Sex, Death & Oysters: A Half-Shell Lover’s World Tour captures the Houston food writer at his best, offering culinary insight, scientific fact, and offbeat humor as he travels the globe in search of the truth about oysters (including their alleged resemblance to the female anatomy and occasional fatal effects). His
At 735 pages, The Christmas Chronicles might inspire a deeply felt ho-ho-ho-hum from the Santa-averse. But don’t shun these three newly compiled “as told to” Yule novels from the Fort Worth author (The Autobiography of Santa Claus, How Mrs. Claus Saved Christmas, and The Great Santa Search). With their
Cormac McCarthy’s ubiquity problem.
In this excerpt from writer-at-large Sarah Bird’s new novel, How Perfect Is That, the realities of life in early twenty-first century Austin become all-too-clear to a defrocked socialite.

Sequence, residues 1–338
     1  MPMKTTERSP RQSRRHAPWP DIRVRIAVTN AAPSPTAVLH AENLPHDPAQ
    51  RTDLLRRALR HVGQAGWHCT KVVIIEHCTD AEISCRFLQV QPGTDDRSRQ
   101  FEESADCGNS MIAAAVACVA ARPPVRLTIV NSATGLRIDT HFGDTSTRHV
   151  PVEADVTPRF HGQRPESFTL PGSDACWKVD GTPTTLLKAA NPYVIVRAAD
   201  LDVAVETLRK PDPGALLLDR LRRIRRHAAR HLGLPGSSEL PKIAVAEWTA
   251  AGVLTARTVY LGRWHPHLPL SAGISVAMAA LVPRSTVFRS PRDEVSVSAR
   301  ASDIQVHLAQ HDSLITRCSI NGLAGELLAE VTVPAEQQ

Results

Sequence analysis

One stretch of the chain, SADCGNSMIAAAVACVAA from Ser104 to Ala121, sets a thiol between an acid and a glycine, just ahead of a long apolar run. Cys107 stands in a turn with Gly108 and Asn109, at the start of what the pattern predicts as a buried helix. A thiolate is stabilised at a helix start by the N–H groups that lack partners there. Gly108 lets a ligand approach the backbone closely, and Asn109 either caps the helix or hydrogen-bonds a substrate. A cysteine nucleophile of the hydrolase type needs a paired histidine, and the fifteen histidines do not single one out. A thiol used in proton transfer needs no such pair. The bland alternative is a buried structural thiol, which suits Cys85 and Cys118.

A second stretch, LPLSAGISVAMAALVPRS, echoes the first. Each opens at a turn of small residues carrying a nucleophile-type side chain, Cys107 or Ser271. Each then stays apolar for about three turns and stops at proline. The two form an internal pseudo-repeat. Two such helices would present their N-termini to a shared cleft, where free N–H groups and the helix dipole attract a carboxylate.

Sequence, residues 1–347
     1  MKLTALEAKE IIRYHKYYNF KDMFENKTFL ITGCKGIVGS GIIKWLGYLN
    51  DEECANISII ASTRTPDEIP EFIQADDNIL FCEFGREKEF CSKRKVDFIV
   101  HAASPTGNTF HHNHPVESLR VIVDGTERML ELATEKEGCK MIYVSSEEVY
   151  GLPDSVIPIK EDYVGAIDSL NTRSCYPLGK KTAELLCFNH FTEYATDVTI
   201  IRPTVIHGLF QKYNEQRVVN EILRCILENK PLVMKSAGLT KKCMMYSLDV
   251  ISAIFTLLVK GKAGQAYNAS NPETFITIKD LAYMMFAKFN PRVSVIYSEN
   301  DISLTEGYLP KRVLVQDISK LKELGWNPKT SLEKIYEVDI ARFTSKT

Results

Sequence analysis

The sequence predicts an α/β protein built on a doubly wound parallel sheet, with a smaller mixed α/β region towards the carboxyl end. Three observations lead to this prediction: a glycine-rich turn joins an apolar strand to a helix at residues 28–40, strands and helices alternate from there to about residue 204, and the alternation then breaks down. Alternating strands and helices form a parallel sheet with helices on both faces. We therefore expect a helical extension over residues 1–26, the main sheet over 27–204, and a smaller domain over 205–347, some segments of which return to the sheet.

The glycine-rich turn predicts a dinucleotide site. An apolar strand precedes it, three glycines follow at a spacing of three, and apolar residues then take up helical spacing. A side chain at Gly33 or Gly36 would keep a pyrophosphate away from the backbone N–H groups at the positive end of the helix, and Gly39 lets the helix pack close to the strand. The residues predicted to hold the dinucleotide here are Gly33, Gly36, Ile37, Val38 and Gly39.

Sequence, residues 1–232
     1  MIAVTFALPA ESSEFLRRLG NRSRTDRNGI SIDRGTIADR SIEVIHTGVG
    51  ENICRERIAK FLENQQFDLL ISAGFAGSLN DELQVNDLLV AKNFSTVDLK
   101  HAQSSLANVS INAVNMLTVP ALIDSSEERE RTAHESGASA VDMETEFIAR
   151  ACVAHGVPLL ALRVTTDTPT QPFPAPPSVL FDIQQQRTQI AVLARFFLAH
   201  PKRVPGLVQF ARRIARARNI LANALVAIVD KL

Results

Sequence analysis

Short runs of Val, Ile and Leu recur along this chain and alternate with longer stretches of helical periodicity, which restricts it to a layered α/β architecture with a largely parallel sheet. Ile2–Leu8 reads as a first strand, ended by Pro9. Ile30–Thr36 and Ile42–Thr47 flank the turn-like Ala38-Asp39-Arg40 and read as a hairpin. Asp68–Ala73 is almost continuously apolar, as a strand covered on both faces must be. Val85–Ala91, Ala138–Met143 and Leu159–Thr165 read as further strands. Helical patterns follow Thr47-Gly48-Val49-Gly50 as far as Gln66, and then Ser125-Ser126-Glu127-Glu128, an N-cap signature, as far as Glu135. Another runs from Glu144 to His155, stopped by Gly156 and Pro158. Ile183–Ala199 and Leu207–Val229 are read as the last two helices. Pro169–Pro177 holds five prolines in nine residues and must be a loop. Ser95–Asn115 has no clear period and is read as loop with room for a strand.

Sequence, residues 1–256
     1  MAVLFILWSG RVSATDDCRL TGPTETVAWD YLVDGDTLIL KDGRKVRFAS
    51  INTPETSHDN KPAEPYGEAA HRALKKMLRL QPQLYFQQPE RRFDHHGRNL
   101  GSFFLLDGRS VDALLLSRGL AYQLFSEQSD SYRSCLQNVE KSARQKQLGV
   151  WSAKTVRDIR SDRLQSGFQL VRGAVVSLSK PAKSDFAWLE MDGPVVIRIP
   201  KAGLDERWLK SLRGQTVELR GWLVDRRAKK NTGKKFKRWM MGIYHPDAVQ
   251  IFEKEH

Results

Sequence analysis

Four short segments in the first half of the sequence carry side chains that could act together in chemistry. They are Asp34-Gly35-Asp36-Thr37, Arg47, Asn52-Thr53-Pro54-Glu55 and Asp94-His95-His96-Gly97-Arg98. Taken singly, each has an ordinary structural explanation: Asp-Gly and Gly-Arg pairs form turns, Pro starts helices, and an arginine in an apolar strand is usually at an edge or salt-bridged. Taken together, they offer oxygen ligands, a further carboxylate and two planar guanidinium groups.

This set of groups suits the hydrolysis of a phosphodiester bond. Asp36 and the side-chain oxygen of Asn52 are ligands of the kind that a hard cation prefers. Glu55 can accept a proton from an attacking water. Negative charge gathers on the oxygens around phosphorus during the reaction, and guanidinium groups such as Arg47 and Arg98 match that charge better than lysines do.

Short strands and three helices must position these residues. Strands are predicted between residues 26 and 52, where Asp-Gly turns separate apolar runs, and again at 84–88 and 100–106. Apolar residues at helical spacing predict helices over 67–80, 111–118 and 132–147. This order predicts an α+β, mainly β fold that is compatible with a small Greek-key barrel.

As the father of the golf novel (exhibit A: Dead Solid Perfect, circa 1974), Fort Worth’s Dan Jenkins holds license in perpetuity to exercise the genre’s clichés, which he does with relish in The Franchise Babe. Self-absorbed pro golfers and sizzling golf moms in “jacked-up minis” are just
San Antonio–born journalist Marie Brenner borrowed her memoir’s title, Apples and Oranges: My Brother and Me, Lost and Found, from the childhood nickname given to her and her older brother, Carl, with whom she was endlessly at odds. The nickname takes on a more literal aspect when Carl
A decade of research by this University of Texas at Austin psychology prof has led to new ways of understanding the relationship between individuals and the spaces they inhabit, as he now reveals with Snoop: What Your Stuff Says About You.Snoop posits that our possessions open a window onto